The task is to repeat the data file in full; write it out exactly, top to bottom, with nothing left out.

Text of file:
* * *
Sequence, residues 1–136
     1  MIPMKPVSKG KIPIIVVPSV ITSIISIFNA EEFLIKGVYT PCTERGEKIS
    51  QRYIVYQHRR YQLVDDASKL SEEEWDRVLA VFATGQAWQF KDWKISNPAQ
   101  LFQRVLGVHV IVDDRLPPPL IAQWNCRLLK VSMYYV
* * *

Sequence, residues 1–136
     1  MIPMKPVSKG KIPIIVVPSV ITSIISIFNA EEFLIKGVYT PCTERGEKIS
    51  QRYIVYQHRR YQLVDDASKL SEEEWDRVLA VFATGQAWQF KDWKISNPAQ
   101  LFQRVLGVHV IVDDRLPPPL IAQWNCRLLK VSMYYV